HI! :-) Details of my current position. Please can you help?
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    Nervous Newbie

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    Default HI! :-) Details of my current position. Please can you help?

    Hello all,

    A fan of this useful website so I joined.

    Recently my full-time perm work went uncertain and now I am exploring my options (including contracting) or travel or do both or jump back into perm again.
    • In my early 30's with no kids / marriage
    • Live near London where my mortgage is £500 a month
    • My IT skill-set is in demand where I see contract rates between £300-£500 in London and UK
    • I am fully certified and up to date in my software knowledge
    • My pre-tax salary used to be £51k
    • I live a fairly frugal lifestyle
    • I won a competition so got £4k in cash
    • My monthly outgoings are around £1,700 after paying all the bills
    • I have good contacts and colleagues who have succeeded in contracting doing what I do with less qualifications

    I am in a position to have a 'break' where I can do what I want for a few months and I don't have to worry if I don't get a contract for a month or two.

    But I am looking to see if contracting for a while would be the right thing based on my situation.

    My goal for a year or two is to:
    • Take the foot off the pedal work wise and relax a little
    • Travel - maybe work 8-9 months and travel 3 months
    • Work on my fitness by regularly going to gym (something I haven't been able to do through this stressful year)
    • Financially - if I make a little more than I earned through contracting as I did as a permie then I am happy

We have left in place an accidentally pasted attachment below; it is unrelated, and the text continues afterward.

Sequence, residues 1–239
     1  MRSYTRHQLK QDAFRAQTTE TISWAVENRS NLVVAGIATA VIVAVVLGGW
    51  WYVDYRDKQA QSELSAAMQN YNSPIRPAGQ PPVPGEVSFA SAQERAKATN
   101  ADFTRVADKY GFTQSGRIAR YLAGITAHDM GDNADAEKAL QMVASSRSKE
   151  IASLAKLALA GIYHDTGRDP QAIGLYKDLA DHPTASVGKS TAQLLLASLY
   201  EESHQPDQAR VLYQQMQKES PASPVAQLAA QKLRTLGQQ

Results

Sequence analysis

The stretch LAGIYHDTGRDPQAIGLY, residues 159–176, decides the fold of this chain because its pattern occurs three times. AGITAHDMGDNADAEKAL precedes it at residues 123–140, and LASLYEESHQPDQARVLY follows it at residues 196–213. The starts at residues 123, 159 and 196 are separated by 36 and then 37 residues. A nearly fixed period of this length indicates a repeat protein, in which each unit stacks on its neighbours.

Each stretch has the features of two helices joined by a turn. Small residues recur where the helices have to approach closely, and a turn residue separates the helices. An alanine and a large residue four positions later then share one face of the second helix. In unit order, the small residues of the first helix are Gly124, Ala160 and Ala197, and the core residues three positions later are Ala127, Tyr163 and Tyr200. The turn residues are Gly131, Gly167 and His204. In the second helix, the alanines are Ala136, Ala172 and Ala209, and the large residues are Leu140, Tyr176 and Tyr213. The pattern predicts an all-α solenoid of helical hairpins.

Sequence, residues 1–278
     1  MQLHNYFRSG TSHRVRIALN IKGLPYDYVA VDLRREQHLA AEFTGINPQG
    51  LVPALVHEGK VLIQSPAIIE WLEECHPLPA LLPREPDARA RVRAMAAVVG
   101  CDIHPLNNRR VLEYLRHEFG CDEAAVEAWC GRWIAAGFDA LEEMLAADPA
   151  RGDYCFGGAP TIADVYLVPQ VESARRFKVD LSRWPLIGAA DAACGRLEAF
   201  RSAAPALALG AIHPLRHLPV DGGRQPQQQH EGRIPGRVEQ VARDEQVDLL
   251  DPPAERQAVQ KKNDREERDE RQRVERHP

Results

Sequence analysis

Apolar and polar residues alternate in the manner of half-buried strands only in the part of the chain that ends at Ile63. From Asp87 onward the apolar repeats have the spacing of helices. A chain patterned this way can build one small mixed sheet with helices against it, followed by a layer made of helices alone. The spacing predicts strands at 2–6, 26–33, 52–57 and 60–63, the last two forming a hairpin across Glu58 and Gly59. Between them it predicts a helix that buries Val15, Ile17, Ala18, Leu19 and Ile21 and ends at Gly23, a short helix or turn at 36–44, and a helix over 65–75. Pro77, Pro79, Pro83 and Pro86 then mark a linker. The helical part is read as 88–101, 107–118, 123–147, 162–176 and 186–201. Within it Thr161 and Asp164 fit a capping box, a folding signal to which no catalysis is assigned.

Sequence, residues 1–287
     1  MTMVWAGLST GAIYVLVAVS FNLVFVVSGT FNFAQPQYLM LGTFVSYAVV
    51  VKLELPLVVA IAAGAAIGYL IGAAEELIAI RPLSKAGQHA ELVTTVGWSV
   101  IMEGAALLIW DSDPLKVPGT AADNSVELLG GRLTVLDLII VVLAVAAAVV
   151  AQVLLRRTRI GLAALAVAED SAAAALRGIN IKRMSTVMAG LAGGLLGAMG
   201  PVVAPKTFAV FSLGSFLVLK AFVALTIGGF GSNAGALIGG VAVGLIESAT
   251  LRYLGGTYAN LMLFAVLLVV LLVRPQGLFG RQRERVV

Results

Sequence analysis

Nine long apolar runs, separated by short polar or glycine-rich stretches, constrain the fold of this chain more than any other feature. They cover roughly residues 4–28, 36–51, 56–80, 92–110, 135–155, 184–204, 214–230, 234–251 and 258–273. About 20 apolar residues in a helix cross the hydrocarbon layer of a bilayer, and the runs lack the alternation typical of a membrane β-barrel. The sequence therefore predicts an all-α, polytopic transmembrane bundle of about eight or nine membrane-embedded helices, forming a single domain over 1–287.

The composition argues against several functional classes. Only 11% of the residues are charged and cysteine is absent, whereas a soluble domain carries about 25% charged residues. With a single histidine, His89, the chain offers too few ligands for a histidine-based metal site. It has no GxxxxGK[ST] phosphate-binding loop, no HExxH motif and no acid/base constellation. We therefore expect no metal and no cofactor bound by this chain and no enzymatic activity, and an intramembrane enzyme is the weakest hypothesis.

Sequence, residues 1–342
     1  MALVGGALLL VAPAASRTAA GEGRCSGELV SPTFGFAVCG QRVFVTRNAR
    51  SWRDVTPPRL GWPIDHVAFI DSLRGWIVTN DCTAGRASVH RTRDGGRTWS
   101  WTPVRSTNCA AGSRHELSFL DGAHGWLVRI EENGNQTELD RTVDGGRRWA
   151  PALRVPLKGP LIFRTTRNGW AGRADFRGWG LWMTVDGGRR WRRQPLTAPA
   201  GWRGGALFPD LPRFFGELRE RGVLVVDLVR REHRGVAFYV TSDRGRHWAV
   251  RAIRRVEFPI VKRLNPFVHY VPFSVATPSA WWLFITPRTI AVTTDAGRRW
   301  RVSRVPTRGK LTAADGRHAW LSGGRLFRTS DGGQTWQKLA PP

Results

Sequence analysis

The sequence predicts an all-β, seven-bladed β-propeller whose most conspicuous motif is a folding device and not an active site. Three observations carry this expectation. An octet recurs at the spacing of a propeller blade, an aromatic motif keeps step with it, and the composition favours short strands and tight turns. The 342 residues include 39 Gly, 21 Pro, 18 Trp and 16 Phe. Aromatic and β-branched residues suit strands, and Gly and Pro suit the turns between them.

My worries are:
    • I worry if I am passing up permie opportunities with good pay.
    • I worry I constantly work and work and life is passing me by and my mental and physical health could do with improving by relaxing a little

    What should I do in this position? Should I dip my toes into contracting?

  2. #2

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    Quote Originally Posted by ChrisHadfield View Post
    My goal for a year or two is to:
    • Take the foot off the pedal work wise and relax a little
    • Travel - maybe work 8-9 months and travel 3 months
    • Work on my fitness by regularly going to gym (something I haven't been able to do through this stressful year)
    • Financially - if I make a little more than I earned through contracting as I did as a permie then I am happy
    Contracting won't really help the first two points, and possibly the 3rd. You've got to take the work when it comes up and where it comes up. It could be a bitch of a commute or even stay away from home. You are also going to have to save a warchest up so can't really take your foot of the pedal. It will probably also kill any travelling plans you have as you have to see the contracts through and think about getting another. A stint on the bench will deplete the war chest and you will be having to chase your tail, not taking lots of time off.

    You are a newbie so bottom of the pile for getting gigs and the odd gig with 3 months break isn't going to work well for you at all.

    My worries are:
    • I worry if I am passing up permie opportunities with good pay.
    • I worry I constantly work and work and life is passing me by and my mental and physical health could do with improving by relaxing a little

    What should I do in this position? Should I dip my toes into contracting?
    If you worry this much then I'd say no to contracting. You are going to have to worry potentially every three months when the gig ends and you have to sit there with no income waiting for the next piece of work. Could be straight away but could be many months off. You don't where it will be, for who, for how much etc.
    'CUK forum personality of 2011' - Winner - Yes really!!!!

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    Nervous Newbie

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    I don't think that is the case.

    Humans are adaptable, I can adapt. You sound very negative.

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    Quote Originally Posted by ChrisHadfield View Post
    I don't think that is the case.

    Humans are adaptable, I can adapt. You sound very negative.
    Says the worrying guy......
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    Quote Originally Posted by northernladuk View Post